Reports of Cases Argued and Determined in the English Courts of Common Law: With Tables of the Cases and Principal Matters, Volume 26

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T. & J.W. Johnson, 1853 - Law reports, digests, etc
 

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Contents

I
13
II
41
III
50
IV
81
V
96
VI
136
VII
150
VIII
164
IX
195
X
229
XI
253
XII
271
XIII
303
XIV
430
XV
459
XVI
499

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Page 229 - Yorkshire, a verdict, by consent, was found for the plaintiff, subject to the opinion of the court on a special case...
Page 23 - interest or no interest," or "without further proof of interest than the policy itself," or "without benefit of salvage to the insurer...
Page 438 - Easter term, when a verdict was found for the plaintiffs, subject to the opinion of the court, on a case...
Page 253 - The question for the opinion of the court was whether the plaintiff was entitled to recover. If...
Page 368 - THE antiquity and excellence of this trial, for the settling of civil property, has before been explained at large'. And it will hold much stronger in criminal cases ; since, in times of difficulty and danger, more is to be apprehended from the violence and partiality of judges appointed by the crown, in suits between the king and the subject, than in disputes between one individual and another, to settle the metes and boundaries of private property.
Page 268 - I take it to be a general rule, that if a person sells goods ( supposing at the time of the contract he is dealing with a principal), but afterwards discovers that the person with whom he has been dealing is not the principal in the transaction, but agent for a third person, though he may, in the meantime, have debited the agent with it, he may afterwards recover the amount from the real principal...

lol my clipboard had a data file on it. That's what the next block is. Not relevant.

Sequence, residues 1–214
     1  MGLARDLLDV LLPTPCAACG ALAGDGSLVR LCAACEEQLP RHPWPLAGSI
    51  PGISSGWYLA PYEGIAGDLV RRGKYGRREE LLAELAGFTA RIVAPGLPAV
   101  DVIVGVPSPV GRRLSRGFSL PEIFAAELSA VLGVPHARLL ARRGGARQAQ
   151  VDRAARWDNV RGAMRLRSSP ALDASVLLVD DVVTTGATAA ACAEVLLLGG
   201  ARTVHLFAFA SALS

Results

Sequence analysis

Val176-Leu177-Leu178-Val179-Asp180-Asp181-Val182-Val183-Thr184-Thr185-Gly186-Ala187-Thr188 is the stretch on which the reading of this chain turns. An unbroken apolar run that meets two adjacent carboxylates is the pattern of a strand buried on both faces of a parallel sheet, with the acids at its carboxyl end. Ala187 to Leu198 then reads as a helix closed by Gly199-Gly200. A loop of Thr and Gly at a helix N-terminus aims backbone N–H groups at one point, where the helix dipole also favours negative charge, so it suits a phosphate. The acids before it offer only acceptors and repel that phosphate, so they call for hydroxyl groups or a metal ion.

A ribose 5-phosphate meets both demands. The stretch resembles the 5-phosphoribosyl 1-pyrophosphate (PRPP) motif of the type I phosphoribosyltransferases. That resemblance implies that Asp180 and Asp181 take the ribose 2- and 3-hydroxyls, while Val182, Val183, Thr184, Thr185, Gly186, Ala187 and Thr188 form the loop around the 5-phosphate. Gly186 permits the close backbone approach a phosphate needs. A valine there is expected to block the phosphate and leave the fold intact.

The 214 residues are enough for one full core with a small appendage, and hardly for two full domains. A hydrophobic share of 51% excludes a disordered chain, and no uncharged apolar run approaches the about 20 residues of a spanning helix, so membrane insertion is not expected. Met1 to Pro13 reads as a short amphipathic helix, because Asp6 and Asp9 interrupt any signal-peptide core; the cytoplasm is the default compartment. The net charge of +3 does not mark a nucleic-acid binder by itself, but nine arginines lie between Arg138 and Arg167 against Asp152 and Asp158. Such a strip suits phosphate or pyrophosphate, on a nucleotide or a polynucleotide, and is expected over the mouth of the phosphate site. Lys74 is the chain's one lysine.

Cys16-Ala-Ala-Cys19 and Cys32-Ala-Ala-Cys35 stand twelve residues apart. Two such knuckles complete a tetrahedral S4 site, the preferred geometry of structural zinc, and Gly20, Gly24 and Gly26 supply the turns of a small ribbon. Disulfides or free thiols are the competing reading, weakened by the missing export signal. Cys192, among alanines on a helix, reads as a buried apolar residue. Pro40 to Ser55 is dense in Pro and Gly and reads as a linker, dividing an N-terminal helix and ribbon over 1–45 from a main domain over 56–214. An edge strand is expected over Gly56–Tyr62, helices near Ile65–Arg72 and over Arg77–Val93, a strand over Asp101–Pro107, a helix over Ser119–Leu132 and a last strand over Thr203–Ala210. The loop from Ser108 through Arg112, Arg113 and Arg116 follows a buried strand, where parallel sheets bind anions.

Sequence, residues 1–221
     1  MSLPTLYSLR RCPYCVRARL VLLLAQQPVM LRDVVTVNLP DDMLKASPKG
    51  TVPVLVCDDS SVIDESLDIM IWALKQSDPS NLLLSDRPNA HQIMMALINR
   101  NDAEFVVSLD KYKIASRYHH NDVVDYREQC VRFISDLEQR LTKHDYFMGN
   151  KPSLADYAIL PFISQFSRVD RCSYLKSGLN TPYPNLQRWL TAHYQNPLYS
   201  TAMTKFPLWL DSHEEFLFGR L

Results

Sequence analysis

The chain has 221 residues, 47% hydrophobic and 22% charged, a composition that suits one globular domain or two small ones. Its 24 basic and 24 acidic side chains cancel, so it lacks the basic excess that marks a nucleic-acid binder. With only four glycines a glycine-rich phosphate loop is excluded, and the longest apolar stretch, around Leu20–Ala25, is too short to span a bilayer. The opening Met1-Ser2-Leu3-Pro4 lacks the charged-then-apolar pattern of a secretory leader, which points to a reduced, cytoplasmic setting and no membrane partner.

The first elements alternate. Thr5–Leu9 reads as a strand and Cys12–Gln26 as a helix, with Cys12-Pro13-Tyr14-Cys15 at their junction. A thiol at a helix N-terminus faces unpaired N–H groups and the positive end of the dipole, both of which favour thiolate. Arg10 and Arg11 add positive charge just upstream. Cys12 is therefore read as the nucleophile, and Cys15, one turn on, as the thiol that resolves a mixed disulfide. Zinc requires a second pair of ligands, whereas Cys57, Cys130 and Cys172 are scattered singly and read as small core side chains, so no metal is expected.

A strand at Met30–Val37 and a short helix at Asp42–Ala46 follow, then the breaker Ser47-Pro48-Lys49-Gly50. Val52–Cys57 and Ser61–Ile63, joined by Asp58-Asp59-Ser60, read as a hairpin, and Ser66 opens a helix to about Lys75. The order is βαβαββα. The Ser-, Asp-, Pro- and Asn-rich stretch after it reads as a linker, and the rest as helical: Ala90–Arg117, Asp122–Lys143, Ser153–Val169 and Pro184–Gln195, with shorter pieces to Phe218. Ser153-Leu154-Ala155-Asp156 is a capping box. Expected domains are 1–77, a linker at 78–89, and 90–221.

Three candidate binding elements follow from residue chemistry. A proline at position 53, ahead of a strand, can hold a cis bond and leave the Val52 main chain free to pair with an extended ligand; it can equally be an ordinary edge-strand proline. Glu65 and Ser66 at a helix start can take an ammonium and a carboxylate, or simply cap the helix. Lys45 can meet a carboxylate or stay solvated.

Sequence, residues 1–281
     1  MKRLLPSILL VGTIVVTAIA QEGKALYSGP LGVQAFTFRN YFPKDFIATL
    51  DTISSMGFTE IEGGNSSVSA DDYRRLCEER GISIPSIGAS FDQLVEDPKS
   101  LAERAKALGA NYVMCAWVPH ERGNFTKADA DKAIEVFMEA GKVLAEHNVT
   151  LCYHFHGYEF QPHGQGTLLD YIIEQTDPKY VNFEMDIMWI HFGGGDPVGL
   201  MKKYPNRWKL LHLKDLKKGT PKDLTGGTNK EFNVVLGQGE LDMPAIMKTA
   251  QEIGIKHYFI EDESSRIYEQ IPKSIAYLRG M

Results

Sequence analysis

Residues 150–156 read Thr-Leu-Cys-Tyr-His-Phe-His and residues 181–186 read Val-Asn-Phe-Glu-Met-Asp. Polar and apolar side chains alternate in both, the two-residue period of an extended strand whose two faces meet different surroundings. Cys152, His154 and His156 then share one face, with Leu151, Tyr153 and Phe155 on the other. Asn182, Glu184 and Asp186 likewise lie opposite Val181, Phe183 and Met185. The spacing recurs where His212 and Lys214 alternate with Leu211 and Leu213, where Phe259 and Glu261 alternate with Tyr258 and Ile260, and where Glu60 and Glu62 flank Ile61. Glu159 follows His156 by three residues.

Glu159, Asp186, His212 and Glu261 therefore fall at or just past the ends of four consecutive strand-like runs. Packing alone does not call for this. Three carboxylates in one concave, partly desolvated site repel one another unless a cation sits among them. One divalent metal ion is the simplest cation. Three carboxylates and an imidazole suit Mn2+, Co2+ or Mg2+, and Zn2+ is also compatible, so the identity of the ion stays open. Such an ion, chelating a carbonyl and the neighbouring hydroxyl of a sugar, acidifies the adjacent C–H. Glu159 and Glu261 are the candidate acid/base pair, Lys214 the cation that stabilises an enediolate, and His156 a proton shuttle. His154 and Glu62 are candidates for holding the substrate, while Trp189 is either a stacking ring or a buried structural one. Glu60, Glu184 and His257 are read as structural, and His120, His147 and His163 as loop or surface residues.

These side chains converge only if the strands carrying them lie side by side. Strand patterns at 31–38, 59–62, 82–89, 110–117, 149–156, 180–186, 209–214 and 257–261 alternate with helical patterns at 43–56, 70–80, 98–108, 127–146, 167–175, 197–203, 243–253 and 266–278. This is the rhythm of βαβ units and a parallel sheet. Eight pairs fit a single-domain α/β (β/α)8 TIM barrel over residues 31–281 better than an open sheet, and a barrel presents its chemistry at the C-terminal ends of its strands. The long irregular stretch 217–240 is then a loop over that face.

Page 408 - F. farmer; you may say this, guilty of publishing ; but whether a libel or not, the jury do not find.
Page 395 - To say that corrupt officers are appointed to administer affairs is certainly a reflection on the government. If people should not be called to account for possessing the people with an ill opinion of the government, no government can subsist, for it is very necessary for all governments that the people should have a good opinion of it. And nothing can be worse to any government than to endeavor to procure animosities; as to the management of it, this has been always looked upon as a crime, and no...
Page 405 - The liberty of the press consists in printing without any previous license, subject to the consequences of law. The licentiousness of the press is Pandora's Box, the source of every evil. Miserable is the condition of individuals, dangerous is the condition of the State, if there is no certain law, or, which is the same thing, no certain administration of law to protect individuals, or to guard the State.
Page 400 - Asaph, the motion to set aside the verdict, and to grant a new trial, upon account of the misdirection of the Judge, supposes that upon this verdict (either as a general, or as minutes of a special verdict to be reduced into form), judgment may be given : — for if the verdict was defective, and omitted finding...

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